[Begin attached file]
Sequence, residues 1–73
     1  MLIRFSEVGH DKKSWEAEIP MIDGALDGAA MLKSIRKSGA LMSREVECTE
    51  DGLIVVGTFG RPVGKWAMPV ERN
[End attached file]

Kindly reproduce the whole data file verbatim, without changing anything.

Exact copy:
Sequence, residues 1–73
     1  MLIRFSEVGH DKKSWEAEIP MIDGALDGAA MLKSIRKSGA LMSREVECTE
    51  DGLIVVGTFG RPVGKWAMPV ERN